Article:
Terms like ‘Tsunamis’, ‘pandemics’ and ‘contagions’ have become a regular feature in Asia over the past few decades. According to estimates thrown around, the Chinese real estate developer ‘Evergrande’ owes $ 300bn to over 240 local and foreign banks and non-banking financial institutions. Ordinary citizens are protesting outside half-constructed premises of homes that they fear they may not get.
Financial markets are on edge. The reaction is seen across markets in Asia, Europe, and the US. The real estate giant could fail on interest payments and eventually default on loans.
All eyes are now on the Chinese government. The Chinese property market accounts for a quarter of the Chinese GDP. There is a general perception in the financial markets that the government could help restructure outstanding loans at Evergrande. It could ease rules and allow Evergrande to survive as it is considered too big to fail by many pundits who write on China.
Last month, Huarong Asset Management, a state-owned bad debt manager, was bailed out by other Chinese state-owned enterprises. It was nearly two-thirds owned by the Chinese Finance ministry before the bail-out. After the company announced financial results, press reports reveal that the company has committed to adhering to the core business and exiting from other non-core business activities.
The trouble with Evergrande is that it is a privately owned group. The obligations of the Evergrande Group are close to 3% of the Chinese GDP, according to Michael Mattis, a professor of finance at Peking University in Beijing and a Chinese observer.
Businessman Hui Ka Yan founded the group in 1996 amidst the Asian financial crisis. Evergrande owns businesses that are into theme parks, electric cars, daily and groceries. It also owns Guangzhou FC, the most successful Chinese professional football club.
Allowing a collapse could lead to terrible short-term turmoil. It would not stop at the Chinese shores. Financial markets across the world would continue to feel the heat.
Many China observers like Pettis argue that there would be a bail-out. They call it a cocktail of proven tricks.
Pettis articulates the potential bail-out process in an article published on the website of Carnegie Endowment, a US-based think tank. He says that the government may create a hierarchy of creditors. It will protect retail investors at all costs. Then, local suppliers and contractors who now turn lenders for Evergrande due to incomplete projects could get protection. A collapse could set small businesses back by many years. Most local banks would need help, too, as they are a vital source of growth. The other problem is potential lawsuits from overseas creditors. The government would then go after the people responsible for these financial losses.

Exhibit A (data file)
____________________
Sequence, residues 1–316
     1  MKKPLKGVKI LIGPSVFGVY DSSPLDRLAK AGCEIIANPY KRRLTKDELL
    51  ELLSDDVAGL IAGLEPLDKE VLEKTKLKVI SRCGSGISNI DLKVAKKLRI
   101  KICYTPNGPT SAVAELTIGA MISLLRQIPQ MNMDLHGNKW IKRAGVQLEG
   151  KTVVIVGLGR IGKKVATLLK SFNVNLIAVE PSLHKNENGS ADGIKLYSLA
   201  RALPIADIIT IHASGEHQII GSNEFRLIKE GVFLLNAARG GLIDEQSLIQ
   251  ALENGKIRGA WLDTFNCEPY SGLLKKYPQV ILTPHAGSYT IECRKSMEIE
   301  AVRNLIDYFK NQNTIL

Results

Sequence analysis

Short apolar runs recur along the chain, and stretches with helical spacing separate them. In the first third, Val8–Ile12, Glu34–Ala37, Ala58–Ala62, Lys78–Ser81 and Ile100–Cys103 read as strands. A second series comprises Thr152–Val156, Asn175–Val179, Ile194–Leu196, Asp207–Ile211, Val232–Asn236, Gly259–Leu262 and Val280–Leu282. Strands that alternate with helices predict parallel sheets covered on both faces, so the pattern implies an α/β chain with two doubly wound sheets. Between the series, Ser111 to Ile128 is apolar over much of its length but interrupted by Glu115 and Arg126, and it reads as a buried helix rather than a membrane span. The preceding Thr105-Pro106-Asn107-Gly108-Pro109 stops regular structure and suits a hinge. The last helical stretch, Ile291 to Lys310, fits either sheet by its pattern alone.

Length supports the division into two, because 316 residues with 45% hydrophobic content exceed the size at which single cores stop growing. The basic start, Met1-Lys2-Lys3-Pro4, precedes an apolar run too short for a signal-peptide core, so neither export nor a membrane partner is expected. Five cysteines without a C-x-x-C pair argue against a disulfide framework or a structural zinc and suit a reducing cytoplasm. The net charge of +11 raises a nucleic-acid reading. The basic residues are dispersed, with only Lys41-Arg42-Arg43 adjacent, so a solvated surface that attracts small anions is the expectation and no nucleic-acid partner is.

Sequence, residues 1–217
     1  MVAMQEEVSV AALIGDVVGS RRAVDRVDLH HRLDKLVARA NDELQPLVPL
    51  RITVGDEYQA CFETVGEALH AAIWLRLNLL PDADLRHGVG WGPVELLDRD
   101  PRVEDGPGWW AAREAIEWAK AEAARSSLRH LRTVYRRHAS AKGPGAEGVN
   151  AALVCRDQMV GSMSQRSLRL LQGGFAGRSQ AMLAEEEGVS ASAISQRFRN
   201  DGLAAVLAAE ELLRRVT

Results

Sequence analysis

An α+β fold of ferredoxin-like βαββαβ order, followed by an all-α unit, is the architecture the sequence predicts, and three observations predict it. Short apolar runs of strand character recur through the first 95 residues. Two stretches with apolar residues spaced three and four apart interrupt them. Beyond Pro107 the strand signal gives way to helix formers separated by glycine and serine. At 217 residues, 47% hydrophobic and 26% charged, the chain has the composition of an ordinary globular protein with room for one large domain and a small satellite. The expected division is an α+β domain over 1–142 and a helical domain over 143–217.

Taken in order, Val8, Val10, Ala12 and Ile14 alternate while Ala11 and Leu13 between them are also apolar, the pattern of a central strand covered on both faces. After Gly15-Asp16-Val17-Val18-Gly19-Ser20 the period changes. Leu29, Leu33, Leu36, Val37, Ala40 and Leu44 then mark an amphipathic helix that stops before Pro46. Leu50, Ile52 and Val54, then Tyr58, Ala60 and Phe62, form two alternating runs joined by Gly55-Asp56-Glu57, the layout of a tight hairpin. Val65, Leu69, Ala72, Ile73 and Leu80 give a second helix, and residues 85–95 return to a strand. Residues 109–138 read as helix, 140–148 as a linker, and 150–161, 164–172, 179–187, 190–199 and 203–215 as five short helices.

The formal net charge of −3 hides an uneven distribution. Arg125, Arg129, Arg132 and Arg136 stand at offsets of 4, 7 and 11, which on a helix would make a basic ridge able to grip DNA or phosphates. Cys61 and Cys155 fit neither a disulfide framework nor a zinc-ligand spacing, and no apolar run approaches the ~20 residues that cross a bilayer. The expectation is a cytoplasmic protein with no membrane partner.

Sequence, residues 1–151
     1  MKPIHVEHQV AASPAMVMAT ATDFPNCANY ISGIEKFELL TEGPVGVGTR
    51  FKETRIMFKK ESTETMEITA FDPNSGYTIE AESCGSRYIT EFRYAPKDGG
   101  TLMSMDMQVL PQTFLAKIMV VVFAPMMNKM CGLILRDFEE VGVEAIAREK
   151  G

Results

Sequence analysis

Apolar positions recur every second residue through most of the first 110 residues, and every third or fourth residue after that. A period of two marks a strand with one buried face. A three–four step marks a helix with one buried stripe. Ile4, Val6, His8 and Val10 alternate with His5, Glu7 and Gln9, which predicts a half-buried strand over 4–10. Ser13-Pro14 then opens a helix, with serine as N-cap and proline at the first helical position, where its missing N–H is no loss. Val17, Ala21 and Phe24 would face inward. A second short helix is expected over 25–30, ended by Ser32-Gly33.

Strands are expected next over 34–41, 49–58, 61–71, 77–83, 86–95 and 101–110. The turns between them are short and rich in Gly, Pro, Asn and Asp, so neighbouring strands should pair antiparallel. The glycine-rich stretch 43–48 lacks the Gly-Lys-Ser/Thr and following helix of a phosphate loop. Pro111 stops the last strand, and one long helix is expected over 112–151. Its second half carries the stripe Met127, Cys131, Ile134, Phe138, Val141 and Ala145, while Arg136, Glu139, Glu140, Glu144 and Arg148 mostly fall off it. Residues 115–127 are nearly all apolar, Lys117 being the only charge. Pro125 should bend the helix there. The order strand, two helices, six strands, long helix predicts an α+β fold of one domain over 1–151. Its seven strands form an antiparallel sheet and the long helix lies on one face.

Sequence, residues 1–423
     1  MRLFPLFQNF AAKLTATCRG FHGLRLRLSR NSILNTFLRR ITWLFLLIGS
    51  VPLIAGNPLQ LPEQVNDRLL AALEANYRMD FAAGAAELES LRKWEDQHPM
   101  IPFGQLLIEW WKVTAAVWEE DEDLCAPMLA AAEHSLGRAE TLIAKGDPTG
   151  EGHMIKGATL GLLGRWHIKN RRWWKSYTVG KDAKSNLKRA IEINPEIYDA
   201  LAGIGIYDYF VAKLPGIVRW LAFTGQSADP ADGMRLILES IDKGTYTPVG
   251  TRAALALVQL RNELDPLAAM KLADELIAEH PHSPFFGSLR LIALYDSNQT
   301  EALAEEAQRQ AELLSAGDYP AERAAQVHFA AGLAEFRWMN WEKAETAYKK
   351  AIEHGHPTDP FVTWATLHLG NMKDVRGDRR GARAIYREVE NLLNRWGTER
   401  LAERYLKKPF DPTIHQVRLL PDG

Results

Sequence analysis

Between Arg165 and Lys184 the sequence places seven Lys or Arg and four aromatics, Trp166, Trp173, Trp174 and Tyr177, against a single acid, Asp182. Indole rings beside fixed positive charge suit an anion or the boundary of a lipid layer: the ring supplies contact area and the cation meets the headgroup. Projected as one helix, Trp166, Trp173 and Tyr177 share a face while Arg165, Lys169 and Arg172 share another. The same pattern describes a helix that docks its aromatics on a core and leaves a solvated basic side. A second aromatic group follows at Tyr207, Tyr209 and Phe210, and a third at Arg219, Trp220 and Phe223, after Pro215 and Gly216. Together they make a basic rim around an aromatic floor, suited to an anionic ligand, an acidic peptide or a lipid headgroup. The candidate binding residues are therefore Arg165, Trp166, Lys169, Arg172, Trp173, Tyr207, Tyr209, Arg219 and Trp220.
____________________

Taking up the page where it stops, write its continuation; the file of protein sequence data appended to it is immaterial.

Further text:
That is unlikely to put an end to any future turmoil. Evergrande is among the first few conglomerates to witness the frenzy. There could likely be more.
The chronology of events makes the intent of the Chinese government clear. It is no longer tolerating flamboyance in business. It is a part of the new equitable distribution of wealth policy of the Chinese Communist Party. When was the last time you heard from Jack Ma, the tallest Chinese businessman and founder of Alibaba and the Ant Group?
It is a clear strategy of redistribution of wealth that is causing turbulence in Chinese businesses. The Chinese would go after anyone or any business that would flaunt wealth or affluence. The clampdown on non-core companies by the Chinese authorities is clear from the actions of the Chinese government on other companies.
Businesses have fuelled growth on the back of money lent by the Chinese state-owned enterprises. The overall debt in China is way too higher than the debt in any emerging market or middle-income economy. By clamping down on affluent businesses, the Chinese government may correct the ‘irrational exuberance of the past.
The Chinese government would extract commitments on redistribution of wealth from owners of large conglomerates. The Communist Party of China is currently in the ‘Robinhood mode’. It is pushing wealthy businesspeople in China to curb their hunger and urge for profits and wealth.
While inequality is a significant problem in a country of the size of China, a forceful intervention like that could have serious repercussions. China is the factory of the world. It is the second-largest economy, and many nations depend on that country to deliver on driving consumption. Over the past several years, China intentionally digressed from relying only on exports for growth. Domestic consumption over the past decade or so was the key driver.
However, a series of events in 2021 is disturbing. First, it was the Alibaba group. Then, there was the dramatic withdrawal of the IPO of the Ant Group, a financial arm and a giant that owns payment gateways and systems in China. The government then went after tech consumer companies like education. The government designated them as a non-profit out of nowhere. It is like telling Byju’s or MT Educare in India to work on costs and fix the pricing of education given by private tutors.
There is a systemic change the Chinese authorities are inducing.
If the intervention by the Chinese government stalls wealth creation in China, it could hurt economies that depend on Chinese imports. There is practically no incentive for businesses to risk further capital and innovate. That is a clear risk to those trying to make money through Chinese bonds and stocks.
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